In addition to abnormal physiology caused by dopamine substitution for norepinephrine, dopamine excess causes free radical damage to the tissues producing it. This can lead to permanent damage of the brain, adrenal glands, and sympathetic nervous system if the Clostridia metabolites persist for prolonged periods of time, if glutathione is severely depleted, and if there is apoptotic damage caused by other dopamine metabolites.

Gastrointestinal Clostridia bacteria have the ability to markedly alter behavior in autism by production of phenolic compounds that dramatically alter the balance of both dopamine and norepinephrine. Excess dopamine causes abnormal behavior, depletes the brain of glutathione and NADPH, causes a vicious cycle producing large quantities of oxygen superoxide that causes severe brain damage. These alterations appear to be a major factor in the causation of autism.

Treating chronic infections is a key strategy in helping children with Autism/ADHD/ASD at Functional Medicine clinic.

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  1. Argou-Cardozo, I., & Zeidán-Chuliá, F. (2018). Clostridium Bacteria and Autism Spectrum Conditions: A Systematic Review and Hypothetical Contribution of Environmental Glyphosate Levels. Medical Sciences, 6(2), 29.

  2. Shaw, W. (2010). Increased urinary excretion of a 3-(3-hydroxyphenyl)-3-hydroxypropionic acid (HPHPA), an abnormal phenylalanine metabolite ofClostridiaspp. in the gastrointestinal tract, in urine samples from patients with autism and schizophrenia. Nutritional Neuroscience, 13(3), 135–143.

  3. Tucker, I. (2022, January 19). Inhibition of dopamine conversion to norepinephrine by Clostridia metabolites appears to be a (the) major cause of autism, schizophrenia, and other neuropsychiatric disorders. Great Plains Laboratory.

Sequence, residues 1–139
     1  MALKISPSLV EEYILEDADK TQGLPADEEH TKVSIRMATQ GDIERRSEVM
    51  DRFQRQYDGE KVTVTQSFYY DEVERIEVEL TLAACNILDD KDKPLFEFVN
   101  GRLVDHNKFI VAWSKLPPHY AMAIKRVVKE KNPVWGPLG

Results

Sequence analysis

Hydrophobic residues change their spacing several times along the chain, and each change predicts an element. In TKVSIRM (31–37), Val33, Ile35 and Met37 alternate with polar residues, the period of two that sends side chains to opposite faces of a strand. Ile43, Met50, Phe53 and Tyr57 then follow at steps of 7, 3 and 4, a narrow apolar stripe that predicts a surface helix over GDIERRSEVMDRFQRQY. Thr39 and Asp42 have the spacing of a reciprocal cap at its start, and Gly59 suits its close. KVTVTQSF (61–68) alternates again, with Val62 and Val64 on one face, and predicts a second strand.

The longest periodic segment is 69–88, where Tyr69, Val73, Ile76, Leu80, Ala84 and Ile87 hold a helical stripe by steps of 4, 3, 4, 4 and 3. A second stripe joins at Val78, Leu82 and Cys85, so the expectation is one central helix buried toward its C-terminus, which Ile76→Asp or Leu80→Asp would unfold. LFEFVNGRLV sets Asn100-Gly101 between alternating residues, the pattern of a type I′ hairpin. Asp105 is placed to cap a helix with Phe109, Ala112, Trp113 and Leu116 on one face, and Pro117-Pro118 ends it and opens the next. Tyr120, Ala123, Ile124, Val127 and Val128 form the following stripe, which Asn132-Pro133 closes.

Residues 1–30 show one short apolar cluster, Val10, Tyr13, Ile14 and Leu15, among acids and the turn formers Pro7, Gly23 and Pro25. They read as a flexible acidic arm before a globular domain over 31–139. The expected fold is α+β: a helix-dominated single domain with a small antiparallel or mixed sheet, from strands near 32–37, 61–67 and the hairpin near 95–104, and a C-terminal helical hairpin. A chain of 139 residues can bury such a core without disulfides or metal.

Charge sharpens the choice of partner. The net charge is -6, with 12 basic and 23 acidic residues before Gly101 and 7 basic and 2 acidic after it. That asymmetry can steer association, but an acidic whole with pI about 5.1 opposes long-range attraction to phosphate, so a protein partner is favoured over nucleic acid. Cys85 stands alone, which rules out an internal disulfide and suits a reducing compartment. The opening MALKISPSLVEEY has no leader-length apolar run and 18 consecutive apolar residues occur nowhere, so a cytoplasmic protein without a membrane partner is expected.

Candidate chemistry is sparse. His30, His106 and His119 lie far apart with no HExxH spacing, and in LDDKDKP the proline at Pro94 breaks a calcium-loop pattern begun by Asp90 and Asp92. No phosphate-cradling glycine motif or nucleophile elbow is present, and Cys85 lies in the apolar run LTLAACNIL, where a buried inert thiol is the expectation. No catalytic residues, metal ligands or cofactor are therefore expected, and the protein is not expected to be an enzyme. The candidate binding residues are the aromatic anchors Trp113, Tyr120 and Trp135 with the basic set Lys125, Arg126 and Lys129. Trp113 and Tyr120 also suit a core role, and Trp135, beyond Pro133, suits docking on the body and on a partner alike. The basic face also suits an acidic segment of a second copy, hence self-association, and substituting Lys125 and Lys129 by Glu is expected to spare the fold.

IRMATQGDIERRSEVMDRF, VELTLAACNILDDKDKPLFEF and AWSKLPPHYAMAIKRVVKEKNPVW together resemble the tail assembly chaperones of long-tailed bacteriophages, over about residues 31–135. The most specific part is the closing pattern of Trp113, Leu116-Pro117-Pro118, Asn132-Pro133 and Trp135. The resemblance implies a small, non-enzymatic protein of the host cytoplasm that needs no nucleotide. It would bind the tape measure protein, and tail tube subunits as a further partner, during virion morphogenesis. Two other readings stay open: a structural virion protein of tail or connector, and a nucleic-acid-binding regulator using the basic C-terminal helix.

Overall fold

4. Strandwitz P. Neurotransmitter modulation by the gut microbiota. Brain Res. 2018;1693(Pt B):128-133. doi:10.1016/j.brainres.2018.03.015

  5. Galland L. The gut microbiome and the brain. J Med Food. 2014;17(12):1261-1272. doi:10.1089/jmf.2014.7000

  6. Kandeel, W. A., Meguid, N. A., Bjørklund, G., Eid, E. M., Farid, M., Mohamed, S. K., Wakeel, K. E., Chirumbolo, S., Elsaeid, A., & Hammad, D. Y. (2020). Impact of Clostridium Bacteria in Children with Autism Spectrum Disorder and Their Anthropometric Measurements. Journal of Molecular Neuroscience, 70(6), 897–907.

  7. Lake, C. R., Ziegler, M. G., & Murphy, D. L. (1977). Increased norepinephrine levels and decreased dopamine-beta-hydroxylase activity in primary autism. Archives of general psychiatry, 34(5), 553–556.

  8. Vinithakumari, A. A. (2021, January 1). Clostridioides difficile infection increases circulating p-cresol levels and dysregulates brain dopamine metabolism: linking gut-brain axis to autism spectrum disorders? bioRxiv.

  9. Li, Q. (2017). The Gut Microbiota and Autism Spectrum Disorders. Frontiers.

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Unknown member
Aug 08, 2022

A Great Post and Informative. We from Arka Anugraha Hospital really apreciate the effort you put for sharing like these informative data to Public.


Unknown member
Jul 14, 2022

I love to read your blogs sir it is very informative. I request you to please keep on sharing these types of studies and theories in future also as it helps the young budding dieticians to learn and explore more. Thanks alot sir.